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Nearoptimal hashing algorithms for approximate nearest neighbor in high dimensions
, 2008
"... In this article, we give an overview of efficient algorithms for the approximate and exact nearest neighbor problem. The goal is to preprocess a dataset of objects (e.g., images) so that later, given a new query object, one can quickly return the dataset object that is most similar to the query. The ..."
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Cited by 457 (7 self)
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In this article, we give an overview of efficient algorithms for the approximate and exact nearest neighbor problem. The goal is to preprocess a dataset of objects (e.g., images) so that later, given a new query object, one can quickly return the dataset object that is most similar to the query. The problem is of significant interest in a wide variety of areas.
Lower Bound Techniques for Data Structures
, 2008
"... We describe new techniques for proving lower bounds on datastructure problems, with the following broad consequences:
â¢ the first Î©(lgn) lower bound for any dynamic problem, improving on a bound that had been standing since 1989;
â¢ for static data structures, the first separation between linea ..."
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Cited by 8 (0 self)
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We describe new techniques for proving lower bounds on datastructure problems, with the following broad consequences:
â¢ the first Î©(lgn) lower bound for any dynamic problem, improving on a bound that had been standing since 1989;
â¢ for static data structures, the first separation between linear and polynomial space. Specifically, for some problems that have constant query time when polynomial space is allowed, we can show Î©(lg n/ lg lg n) bounds when the space is O(n Â· polylog n).
Using these techniques, we analyze a variety of central datastructure problems, and obtain improved lower bounds for the following:
â¢ the partialsums problem (a fundamental application of augmented binary search trees);
â¢ the predecessor problem (which is equivalent to IP lookup in Internet routers);
â¢ dynamic trees and dynamic connectivity;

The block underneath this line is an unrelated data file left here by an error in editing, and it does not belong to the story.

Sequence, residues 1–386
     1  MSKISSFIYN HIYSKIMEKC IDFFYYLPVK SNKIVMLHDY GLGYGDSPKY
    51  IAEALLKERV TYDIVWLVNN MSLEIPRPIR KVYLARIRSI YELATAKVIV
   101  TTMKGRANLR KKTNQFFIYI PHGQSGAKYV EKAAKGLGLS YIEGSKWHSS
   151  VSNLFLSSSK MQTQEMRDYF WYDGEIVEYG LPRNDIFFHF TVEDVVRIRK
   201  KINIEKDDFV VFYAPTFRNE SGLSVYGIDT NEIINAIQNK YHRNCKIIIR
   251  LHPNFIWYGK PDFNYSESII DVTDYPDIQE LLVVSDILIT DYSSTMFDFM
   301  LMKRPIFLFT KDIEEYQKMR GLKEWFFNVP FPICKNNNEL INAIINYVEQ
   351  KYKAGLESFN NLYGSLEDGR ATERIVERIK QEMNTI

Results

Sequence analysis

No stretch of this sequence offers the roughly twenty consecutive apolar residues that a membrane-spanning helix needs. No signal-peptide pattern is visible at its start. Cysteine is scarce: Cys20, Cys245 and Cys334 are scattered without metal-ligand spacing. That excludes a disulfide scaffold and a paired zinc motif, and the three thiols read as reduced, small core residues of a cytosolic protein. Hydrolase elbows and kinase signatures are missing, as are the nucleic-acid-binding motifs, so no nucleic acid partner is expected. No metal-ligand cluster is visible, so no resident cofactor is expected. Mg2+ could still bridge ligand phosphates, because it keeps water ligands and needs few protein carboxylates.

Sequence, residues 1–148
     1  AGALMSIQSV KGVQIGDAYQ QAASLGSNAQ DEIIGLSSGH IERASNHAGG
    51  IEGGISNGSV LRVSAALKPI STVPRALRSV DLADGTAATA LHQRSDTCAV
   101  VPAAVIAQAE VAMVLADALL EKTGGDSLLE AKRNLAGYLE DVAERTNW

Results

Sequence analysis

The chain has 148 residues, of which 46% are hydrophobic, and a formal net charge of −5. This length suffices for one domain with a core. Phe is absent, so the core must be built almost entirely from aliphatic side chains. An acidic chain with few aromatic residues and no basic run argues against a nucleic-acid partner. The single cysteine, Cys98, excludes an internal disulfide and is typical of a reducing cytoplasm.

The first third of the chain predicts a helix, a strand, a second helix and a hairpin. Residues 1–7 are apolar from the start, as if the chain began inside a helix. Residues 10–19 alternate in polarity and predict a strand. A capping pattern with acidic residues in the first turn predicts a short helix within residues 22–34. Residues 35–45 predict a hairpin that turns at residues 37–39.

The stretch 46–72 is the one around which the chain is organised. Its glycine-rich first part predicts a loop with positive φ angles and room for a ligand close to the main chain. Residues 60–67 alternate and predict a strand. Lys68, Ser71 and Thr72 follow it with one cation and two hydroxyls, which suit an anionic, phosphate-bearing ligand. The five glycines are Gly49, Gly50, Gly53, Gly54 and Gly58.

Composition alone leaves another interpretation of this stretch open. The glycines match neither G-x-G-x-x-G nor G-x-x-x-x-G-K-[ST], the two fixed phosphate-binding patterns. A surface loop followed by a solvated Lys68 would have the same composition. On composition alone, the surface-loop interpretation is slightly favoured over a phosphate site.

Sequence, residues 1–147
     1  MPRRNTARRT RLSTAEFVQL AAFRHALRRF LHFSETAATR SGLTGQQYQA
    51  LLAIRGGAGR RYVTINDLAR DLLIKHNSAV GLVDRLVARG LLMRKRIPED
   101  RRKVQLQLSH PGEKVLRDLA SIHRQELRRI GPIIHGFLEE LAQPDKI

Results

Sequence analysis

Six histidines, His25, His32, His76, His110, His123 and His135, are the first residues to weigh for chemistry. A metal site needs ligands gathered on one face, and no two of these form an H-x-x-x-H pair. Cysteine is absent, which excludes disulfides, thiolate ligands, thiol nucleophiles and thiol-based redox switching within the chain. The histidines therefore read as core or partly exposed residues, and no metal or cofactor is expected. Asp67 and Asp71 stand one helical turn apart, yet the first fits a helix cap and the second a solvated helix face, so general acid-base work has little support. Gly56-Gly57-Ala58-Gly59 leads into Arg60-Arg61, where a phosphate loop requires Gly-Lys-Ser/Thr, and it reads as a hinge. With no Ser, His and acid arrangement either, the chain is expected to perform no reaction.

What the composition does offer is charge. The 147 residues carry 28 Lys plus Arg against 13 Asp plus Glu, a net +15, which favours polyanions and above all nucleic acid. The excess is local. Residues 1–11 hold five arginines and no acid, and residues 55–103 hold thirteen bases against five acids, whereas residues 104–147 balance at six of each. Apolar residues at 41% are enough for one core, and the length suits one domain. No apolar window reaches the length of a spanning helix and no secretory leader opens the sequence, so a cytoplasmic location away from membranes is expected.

â¢ orthogonal range stabbing;
â¢ orthogonal range counting, and orthogonal range reporting;
â¢ the partial match problem (searching with wildcards);
â¢ (1 + Îµ)approximate near neighbor on the hypercube;
â¢ approximate nearest neighbor in the lâ metric.
Our new techniques lead to surprisingly nontechnical proofs. For several problems, we obtain simpler proofs for bounds that were already known.
Hardness of Nearest Neighbor under Linfinity
"... Recent years have seen a significant increase in our understanding of highdimensional nearest neighbor search (NNS) for distances like the ℓ1 and ℓ2 norms. By contrast, our understanding of the ℓ ∞ norm is now where it was (exactly) 10 years ago. In FOCS’98, Indyk proved the following unorthodox re ..."
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Cited by 3 (0 self)
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Recent years have seen a significant increase in our understanding of highdimensional nearest neighbor search (NNS) for distances like the ℓ1 and ℓ2 norms. By contrast, our understanding of the ℓ ∞ norm is now where it was (exactly) 10 years ago. In FOCS’98, Indyk proved the following unorthodox result: there is a data structure (in fact, a decision tree) of size O(n ρ), for any ρ> 1, which achieves approximation O(log ρ log d) for NNS in the ddimensional ℓ ∞ metric. In this paper, we provide results that indicate that Indyk’s unconventional bound might in fact be optimal. Specifically, we show a lower bound for the asymmetric communication complexity of NNS under ℓ∞, which proves that this space/approximation tradeoff is optimal for decision trees and for data structures with constant cellprobe complexity. 1